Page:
The sequel I’m doing is called Pop Gun War: Chain Letter. Sinclair’s in it, but the way I have it set up is—I guess the main character of the book is Emily, Sinclair’s sister. She was one of the main characters in Gift. The way it’s set up from the script that I wrote a long time ago is that the surrounding story, which is Emily’s, is told in black and white, kind of like the original series. So she’s in this small town, and she goes into these tunnels underground and sees these television monitors, these video screens, and each video screen is a different story.

The first one she goes to is Sinclair, her brother, and that’s done in watercolor; I watercolored the whole section, and those thirty-five or forty pages are just his story. Most of that whole section takes place in the issue of Island I’m in, which is issue #4. Then in issue #5 it continues, and Emily goes to the next video monitor and that’s in grayscale—the first one’s the present, and the second one’s the past, and the last one’s the future, so I wanted a color scheme to reflect that. So the first one is full watercolor, like “Real life! Present!” The second one is the past so it’s a little murkier and grayer and a little more monochromatic; I kind of wanted that to be a little more fuzzy, sort of dreamlike. The third section, which is what I’m working on right now, and isn’t going to be out until Island #9, that’s going to be all computer-colored. And I have 20 pages or so of that done. So I think I have 60-ish pages left of the whole book, and so yeah, once I’m done with that, Image will collect it, hopefully around this time next year, they’ll have another trade out which will be Chain Letter.

The narrative within the narrative, as represented by the video screens—this theme seems to come up a lot in your work. For instance, in The Wrenchies, you have Hollis, the kid who finds a comic about the title characters, which is also called The Wrenchies. Is this something you consciously want to address in your comics?

WrenchiesYeah, totally. With The Wrenchies, there was a lot of meta-textual stuff, not so much about watching television monitors or screens, although that’s part of it. I pulled a lot from my own childhood for Hollis, and I grew up watching television and reading comic books and all that stuff, because I spent a lot of time by myself. But that story seemed to deal more with these different levels of reality, the reader also being the creator, also being the viewer. In Pop Gun War: Chain Letter, there’s a theme throughout the whole book of just watching screens, like television screens. I mean, no one watches television anymore, but video monitors, video screens, or whatever. So in each of the stories there’s some kind of reference to that—probably the most in the second one, the past. Throughout the whole thing there’s this guy who feels like he’s kind of watching himself on a screen, and then it seems like he keeps coming up to these different video monitors that are actually doorways into other realms; there are paintings on the walls that are actually not paintings, that you can kind of go into and end up in some different reality.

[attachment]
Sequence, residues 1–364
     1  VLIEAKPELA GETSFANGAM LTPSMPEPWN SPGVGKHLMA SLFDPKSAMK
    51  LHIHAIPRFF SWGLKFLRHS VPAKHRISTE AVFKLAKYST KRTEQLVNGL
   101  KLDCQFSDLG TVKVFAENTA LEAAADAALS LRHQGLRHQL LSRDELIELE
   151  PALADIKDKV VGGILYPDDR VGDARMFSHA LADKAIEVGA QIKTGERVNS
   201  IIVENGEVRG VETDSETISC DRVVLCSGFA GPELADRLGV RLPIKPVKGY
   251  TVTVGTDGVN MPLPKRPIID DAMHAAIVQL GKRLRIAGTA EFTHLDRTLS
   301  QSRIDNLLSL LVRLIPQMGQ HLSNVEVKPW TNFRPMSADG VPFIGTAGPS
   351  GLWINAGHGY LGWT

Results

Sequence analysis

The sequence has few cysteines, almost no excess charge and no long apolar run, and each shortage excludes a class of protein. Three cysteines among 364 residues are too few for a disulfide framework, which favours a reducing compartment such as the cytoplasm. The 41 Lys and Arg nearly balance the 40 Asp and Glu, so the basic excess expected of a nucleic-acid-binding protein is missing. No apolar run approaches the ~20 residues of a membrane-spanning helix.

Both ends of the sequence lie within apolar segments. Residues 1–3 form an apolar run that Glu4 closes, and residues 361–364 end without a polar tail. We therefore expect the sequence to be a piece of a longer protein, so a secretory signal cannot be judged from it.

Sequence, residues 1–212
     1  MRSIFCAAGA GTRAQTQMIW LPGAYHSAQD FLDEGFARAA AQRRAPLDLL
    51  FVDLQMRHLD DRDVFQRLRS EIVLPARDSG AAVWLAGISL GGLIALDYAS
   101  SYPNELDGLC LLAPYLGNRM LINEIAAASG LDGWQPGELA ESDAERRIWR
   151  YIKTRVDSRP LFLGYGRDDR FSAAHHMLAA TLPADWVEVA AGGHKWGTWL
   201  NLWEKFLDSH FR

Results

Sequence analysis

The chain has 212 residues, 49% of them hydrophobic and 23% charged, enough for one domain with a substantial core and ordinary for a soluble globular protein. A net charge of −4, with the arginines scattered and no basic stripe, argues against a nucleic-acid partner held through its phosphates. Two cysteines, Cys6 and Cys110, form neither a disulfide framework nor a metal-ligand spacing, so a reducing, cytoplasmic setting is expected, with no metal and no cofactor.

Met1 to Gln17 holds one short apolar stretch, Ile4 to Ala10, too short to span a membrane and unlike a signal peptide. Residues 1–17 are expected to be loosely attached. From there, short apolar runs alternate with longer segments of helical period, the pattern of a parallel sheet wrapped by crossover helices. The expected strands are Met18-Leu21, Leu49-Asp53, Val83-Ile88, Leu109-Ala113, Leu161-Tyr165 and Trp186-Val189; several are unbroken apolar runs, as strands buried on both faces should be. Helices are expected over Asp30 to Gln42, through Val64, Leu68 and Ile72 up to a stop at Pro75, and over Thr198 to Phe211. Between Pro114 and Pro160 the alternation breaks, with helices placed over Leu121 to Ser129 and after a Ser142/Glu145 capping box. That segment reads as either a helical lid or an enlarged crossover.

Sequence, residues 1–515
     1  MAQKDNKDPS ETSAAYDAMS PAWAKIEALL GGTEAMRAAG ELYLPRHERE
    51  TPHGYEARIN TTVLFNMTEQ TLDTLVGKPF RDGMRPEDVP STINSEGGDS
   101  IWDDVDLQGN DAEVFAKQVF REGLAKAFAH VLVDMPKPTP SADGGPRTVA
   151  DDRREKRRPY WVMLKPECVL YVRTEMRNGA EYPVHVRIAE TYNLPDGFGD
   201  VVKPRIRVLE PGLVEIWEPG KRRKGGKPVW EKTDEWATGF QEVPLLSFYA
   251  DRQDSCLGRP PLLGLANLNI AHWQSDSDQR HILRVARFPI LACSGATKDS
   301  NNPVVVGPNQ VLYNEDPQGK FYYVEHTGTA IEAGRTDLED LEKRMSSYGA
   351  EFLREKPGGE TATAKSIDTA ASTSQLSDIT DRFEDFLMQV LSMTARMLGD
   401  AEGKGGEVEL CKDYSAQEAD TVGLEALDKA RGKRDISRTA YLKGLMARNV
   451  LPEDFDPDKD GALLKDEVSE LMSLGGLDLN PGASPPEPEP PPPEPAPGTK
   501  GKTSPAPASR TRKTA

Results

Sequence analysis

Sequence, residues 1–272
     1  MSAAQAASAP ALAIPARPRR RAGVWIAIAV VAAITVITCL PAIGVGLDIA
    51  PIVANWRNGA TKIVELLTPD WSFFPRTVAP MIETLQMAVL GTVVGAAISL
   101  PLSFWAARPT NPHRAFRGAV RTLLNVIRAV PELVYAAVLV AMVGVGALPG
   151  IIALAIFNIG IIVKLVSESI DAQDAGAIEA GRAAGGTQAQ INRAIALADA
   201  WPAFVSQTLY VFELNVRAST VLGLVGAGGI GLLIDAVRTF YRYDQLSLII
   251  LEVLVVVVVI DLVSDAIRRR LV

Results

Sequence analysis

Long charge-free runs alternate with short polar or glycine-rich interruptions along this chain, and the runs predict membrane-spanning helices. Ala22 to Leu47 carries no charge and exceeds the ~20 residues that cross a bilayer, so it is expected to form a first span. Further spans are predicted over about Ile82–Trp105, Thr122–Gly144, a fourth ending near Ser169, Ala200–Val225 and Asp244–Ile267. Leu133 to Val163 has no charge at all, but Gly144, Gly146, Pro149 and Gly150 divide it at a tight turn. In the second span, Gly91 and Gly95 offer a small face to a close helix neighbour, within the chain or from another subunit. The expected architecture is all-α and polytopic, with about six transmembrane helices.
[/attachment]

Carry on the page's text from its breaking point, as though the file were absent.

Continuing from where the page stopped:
Have you created a universe for your solo/creator-owned comics to operate in—and is there going to be more Wrenchies?

In all my stuff there’s crossovers with the characters. Growing up I was a big fan of Madeline L’Engle’s writing, and I remember reading—I think it was Many Waters, and in the beginning of that there was a chart that she had for, “Okay, these stories take place in my more magical world,” like A Wrinkle In Time, “and these stories are my young adult fiction.” And in the middle there were a few characters who kind of went between both worlds, who popped up here and there in the books. Something about that just resonated with me as a young person. So I don’t think it was very conscious at first, but it turned into a thing, I guess, where I kind of have to reference other stories and tie them all together with each thing that I’ve done. In Pop Gun War: Chain Letter there’s actually a couple of characters from The Wrenchies, and in the future section Hollis is a big character. There’s even a couple shots of Robot Todd from It Will All Hurt in the background, and I haven’t drawn this part yet but the main character of It Will All Hurt is going to pop up in a few panels and interact with the characters.